Sweden’s Brazilian entertainers

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The Poles like to think of themselves as the Brazilians of European football. At times, they have been known to chant impatiently during games: “We are Polish and we want a goal.”

But Sweden, for a Scandinavian nation famed for social democracy, the charismatic miserablism of Ingmar Bergman’s movies and pornography would seem to have as good a claim. If you find this risible, you just watch this goal against Uruguay from the 1974 World Cup.

The player who flicks the ball up and smashes it into the net is Ralf Edström, one of my favourite foreign strikers of the 1970s, a preference – I was an impressionable child – based almost entirely on that one goal.

Ralf Edström, or is it Mick Channon?

They also played in yellow, like Brazil, but didn’t win anywhere near as much, so it was easier for me – supporting a trio of teams (Nuneaton Borough, Leicester City and England) who were accustomed to the absence of silverware – to identify with them.

If you scroll down, there is a great picture of Edstrom here looking a bit like Mike Channon, but less like a racehorse and more like a rock star.

Edström was no fluke. In the 1950s, Sweden produced the technically brilliant Gre-No-Li forward line (Gunnar Gren, Gunnar Nordahl and Nils Liedlohlm) that won the 1948 Olympics. And then there was Kurt Hamrin, the Little Bird who dazzled on the wing in Serie A and, in the 1958 World Cup, ran through the Russian defence “like an inspired mole,” as Brian Glanville put it. But they were before my time, so I adopted Edström.

When he smashed that goal against Uruguay, Edström was playing for PSV where, scoring 55 goals in 112 games between 1973 and 1977, he became a firm, fan favourite. He wasn’t that prolific for Sweden, 15 goals in 40 games, but he scored twice against Uruguay in 1974 and his goal against West Germany briefly gave the Swedes hope of a place in the third place play-off.

He was a bit of an idol in Sweden where he officially endorsed a football game called Ralf Edström Cup Football whose memory has been lovingly preserved on

Conditioned by Edström to expect flair from the Swedes, I rejoiced at USA '94 in the subtlety of Tomas Brolin, Jonas Thern and Stefan Schwarz. Indeed, I spent a year when Stefan Schwartz was at Arsenal, trying to decide what exactly was so cultured about his sweet left foot.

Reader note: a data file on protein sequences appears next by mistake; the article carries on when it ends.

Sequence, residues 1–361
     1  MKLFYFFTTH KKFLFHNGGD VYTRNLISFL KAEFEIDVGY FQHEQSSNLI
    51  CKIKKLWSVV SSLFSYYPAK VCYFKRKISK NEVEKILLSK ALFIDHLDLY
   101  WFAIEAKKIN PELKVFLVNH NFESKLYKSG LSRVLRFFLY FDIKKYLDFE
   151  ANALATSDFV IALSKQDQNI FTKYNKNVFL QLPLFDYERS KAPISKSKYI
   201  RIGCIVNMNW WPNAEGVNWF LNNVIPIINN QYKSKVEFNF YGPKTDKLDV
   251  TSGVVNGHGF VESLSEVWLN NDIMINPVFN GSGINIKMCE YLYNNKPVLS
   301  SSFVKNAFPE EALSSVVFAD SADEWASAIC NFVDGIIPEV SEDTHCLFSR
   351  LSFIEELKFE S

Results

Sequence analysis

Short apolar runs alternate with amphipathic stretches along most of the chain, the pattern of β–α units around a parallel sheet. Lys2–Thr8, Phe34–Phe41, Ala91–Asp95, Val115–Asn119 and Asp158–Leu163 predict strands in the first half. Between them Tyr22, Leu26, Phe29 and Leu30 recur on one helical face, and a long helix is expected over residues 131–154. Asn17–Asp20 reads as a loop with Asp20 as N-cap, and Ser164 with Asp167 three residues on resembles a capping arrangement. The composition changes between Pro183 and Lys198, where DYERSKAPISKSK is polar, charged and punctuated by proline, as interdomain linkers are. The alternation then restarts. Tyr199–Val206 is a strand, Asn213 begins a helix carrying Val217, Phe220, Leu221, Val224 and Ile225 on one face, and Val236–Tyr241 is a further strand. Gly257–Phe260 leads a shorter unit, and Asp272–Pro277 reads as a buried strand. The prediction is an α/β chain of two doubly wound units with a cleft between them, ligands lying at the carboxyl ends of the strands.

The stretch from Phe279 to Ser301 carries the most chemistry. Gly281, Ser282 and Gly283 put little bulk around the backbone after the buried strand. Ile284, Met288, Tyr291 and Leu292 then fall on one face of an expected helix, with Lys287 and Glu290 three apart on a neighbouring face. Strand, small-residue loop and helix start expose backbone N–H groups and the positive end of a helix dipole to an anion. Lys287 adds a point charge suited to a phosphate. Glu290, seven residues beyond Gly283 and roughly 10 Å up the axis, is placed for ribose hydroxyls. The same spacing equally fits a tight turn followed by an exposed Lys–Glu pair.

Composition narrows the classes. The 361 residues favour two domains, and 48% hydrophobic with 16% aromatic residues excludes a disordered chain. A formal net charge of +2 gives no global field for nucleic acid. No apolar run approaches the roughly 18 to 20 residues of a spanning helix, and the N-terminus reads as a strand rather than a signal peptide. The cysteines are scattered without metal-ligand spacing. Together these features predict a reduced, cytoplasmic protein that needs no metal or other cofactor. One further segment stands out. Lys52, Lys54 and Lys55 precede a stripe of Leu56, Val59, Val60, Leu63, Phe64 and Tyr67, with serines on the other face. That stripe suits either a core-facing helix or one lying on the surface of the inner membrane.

I never quite got to the bottom of it. He was one of those players who looks classy, even if they’re not really in the game, and I wasn’t surprised when he moved on. Anders Limpar was a bit of a cult hero at Highbury for similar reasons: he exuded class but probably showed that to greatest effect with a 50-yard reverse pass as Everton won the FA Cup in 1995.

Brolin’s demise from golden boy to joke was more surprising. The first blow was the foot injury he suffered after the 1994 World Cup. The second may have come when, after helping Leeds destroy a Manchester United side that contained Beckham, Keane and Cantona, he was dropped by Howard Wilkinson against Derby because he wasn’t suited to the “heated atmosphere” of an FA Cup tie.

It had obviously never occurred to the parochial Wilkinson that World Cup semi-finals can get a bit heated. After that it was all “Brolin, Brolin, Brolin,” more jokes about his weight than Elvis had to endure and a final appearance, as a goalkeeper, for a Swedish side in the summer of 1998.

Brolin nets against Bulgaria at USA '94 

Still, Brolin has at least enjoyed his retirement. The marvellously nicknamed Lennart ‘Nacka’ Skoglund, who won the Serie A title twice with Inter in the 1950s, and regarded himself as an entertainer, used to tour Sweden’s amusement parks in the summer doing the old ‘two crown’ trick where he would drop a coin and kick it into his shirt pocket.

There’s a statue outside his home in Katarina Bangata where every 24 December, on the anniversary of his birthday, people gather to celebrate Christmas and honour his memory. A playboy and an entertainer, he was almost as mythologised as George Best over here. He died in 1975 when he was just 46 but, as one fan noted, the real death had come earlier: “Nacka lived for applause, when the applause ended, Nacka died.”

As Zlatan Ibrahimovic can testify, being the golden boy of Swedish football, with a technique to die for, isn’t easy. The Swedes have had plenty of players of whom a commentator could say: “If he was playing for Brazil….” But, in a thoroughly Swedish way, they haven’t had as much fun as the Brazilians.

Which brings us back to Ingmar Bergman really.